Cloud computing is becoming more and more popular and important for businesses to implement. However, if you aren’t organizing the data you put into the cloud properly, you could run into a myriad of issues down the line. To best avoid these issues, it’s best to create and implement a robust cloud management strategy as soon as possible.
In this article, we’ll explain how and why you need a cloud management strategy as well as give a few brief examples to help you more efficiently manage your cloud. To begin, we’ll start by covering what tags are and why they’re essential.
What Are Tags?
Tags are small labels that help you understand what you have stored in the cloud. There are two different types of tags: those generated by the cloud service and those generated by the user.
Auto-generated tags are usually a string of numbers and letters you can’t change, while those generated by the user are exactly what they sound like; hand-written tags written by you or your employees to help you understand what data is stored where. While both are important, we’ll focus on the user generated ones since you’ll not only be able to change these, but you’ll also need them to implement a cloud management strategy.
User generated tags are made up of two parts: the key and the value. For example, a key may be Microsoft Office 365 Files, and the value may be Documents. Depending on what data is stored in the cloud, your keys and values may be more or less complex than in this example.
The only thing that matters about the tags you use is how much sense they make to both you and your team so you can access the data when necessary.
Why Use Tags?
There are a wide range of benefits to proper tag use, but we’ll just cover a few here. One of the biggest reasons to use tags is that it will help save you money. You’ll be able to get a clear cost report of each piece of data stored in the cloud and this clarity could help you understand where your expenses are and may even allow you to acquire discounts.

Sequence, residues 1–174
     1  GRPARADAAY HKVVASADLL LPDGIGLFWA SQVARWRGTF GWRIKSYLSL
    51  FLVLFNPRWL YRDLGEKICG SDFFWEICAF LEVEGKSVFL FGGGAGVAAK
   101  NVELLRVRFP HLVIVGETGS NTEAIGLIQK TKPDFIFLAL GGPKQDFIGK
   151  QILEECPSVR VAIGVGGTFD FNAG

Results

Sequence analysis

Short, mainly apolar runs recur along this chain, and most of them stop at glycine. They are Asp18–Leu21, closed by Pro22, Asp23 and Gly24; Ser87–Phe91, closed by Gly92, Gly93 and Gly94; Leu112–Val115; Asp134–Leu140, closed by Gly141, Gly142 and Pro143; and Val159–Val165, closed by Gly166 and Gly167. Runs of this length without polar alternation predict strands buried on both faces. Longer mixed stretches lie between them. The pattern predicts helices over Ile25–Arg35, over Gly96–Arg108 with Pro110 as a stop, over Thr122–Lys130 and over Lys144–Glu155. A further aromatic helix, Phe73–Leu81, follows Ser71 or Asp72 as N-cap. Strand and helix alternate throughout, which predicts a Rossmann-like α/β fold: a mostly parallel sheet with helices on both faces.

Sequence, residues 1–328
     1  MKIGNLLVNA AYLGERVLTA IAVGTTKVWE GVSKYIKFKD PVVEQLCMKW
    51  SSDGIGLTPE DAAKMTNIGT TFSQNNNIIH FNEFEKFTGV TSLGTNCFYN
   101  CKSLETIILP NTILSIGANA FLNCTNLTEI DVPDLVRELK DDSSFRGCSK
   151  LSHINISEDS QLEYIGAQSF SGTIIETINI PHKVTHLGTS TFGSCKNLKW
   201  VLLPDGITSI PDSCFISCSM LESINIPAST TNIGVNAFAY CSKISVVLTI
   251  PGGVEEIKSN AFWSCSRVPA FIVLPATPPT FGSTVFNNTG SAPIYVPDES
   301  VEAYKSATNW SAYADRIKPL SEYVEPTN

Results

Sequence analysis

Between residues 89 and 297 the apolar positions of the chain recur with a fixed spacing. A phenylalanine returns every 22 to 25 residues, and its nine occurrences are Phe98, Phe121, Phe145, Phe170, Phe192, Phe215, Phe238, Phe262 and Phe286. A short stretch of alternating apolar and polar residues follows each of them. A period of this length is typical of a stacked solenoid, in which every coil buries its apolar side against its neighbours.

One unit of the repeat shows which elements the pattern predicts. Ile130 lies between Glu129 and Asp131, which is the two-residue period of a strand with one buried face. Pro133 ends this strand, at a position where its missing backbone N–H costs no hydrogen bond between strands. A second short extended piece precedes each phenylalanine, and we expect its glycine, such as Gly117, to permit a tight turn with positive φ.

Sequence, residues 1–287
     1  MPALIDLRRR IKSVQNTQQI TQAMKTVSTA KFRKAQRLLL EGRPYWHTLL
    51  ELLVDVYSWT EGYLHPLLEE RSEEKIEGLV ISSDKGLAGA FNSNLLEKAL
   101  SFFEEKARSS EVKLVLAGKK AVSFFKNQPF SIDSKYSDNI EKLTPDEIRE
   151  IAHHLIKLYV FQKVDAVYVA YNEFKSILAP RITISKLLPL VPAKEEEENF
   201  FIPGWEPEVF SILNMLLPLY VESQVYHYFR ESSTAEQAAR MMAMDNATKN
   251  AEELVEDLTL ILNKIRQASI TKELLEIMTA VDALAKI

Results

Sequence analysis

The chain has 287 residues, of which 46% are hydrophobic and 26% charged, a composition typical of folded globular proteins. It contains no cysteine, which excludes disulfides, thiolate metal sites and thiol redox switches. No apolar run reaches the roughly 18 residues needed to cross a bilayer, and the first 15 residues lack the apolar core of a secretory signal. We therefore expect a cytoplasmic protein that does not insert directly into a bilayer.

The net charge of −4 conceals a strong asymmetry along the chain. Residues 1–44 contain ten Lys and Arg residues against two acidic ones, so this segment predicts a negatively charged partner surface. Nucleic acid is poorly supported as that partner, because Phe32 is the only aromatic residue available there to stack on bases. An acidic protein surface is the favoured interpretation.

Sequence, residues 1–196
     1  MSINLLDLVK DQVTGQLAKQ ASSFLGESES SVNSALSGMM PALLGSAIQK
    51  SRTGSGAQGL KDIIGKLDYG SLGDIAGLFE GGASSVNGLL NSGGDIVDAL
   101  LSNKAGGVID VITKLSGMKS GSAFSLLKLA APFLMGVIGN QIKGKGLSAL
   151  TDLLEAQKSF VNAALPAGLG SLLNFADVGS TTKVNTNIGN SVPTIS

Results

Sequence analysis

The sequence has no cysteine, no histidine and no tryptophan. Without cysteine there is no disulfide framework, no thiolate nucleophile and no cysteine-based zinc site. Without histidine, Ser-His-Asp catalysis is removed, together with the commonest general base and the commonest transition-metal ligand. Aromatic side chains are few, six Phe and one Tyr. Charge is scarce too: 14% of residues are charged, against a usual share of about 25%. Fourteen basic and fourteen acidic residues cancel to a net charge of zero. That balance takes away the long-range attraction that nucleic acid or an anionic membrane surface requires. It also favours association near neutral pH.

Another important reason is efficiency. If your teams know exactly where all of the resources they need can be found, they’ll be able to work faster because they won’t be spending time searching for what they need. It can also help them diagnose and repair issues when they arise.
The third reason is to track resources. You’ll be able to see where attention is being drawn, how much it’s costing to keep that data in the cloud, and more. If you find a directory that is underperforming, you’ll be able to easily shut it down. This also makes it easier for you to see where you need to be better focusing your business’s time, attention and resources.
The final reason we’ll cover here is security and upkeep. These are lumped together for one simple reason: they both require a lot of attention. With the proper tags you’ll be able to see where sensitive information is held and beef up the security on those files, making your business more secure and trustworthy.
Once the appropriate cloud management strategy has been implemented, you’ll also be able to see which areas may be out of date and require attention which can also improve security as some out-of-date programs or applications can sometimes pose a security risk.
How Do You Manage the Cloud?
Once you’ve tagged all of your data in the cloud, it’s time to implement your cloud management strategy. The first thing you’ll need is a cloud monitoring program that will allow you to better see how much each resource costs and more.
There’s a lot of information a monitoring program can provide, from firewall logs to help you see where security needs to be tightened to benchmarking that makes it easier to tell how effective a hardware or software upgrade was. While some cloud services have a built-in monitoring program, some show very limited information. Check to see if your cloud service offers a monitoring program before you start looking for a third-party one.
In order to implement a cloud management strategy, you need to understand the cloud service you’re using, what it provides, and what it lacks, and you’ll need the right team members and tools to implement a cloud management strategy. However, at the end of the day, the transparency and ease of use provided by one will make it all worthwhile.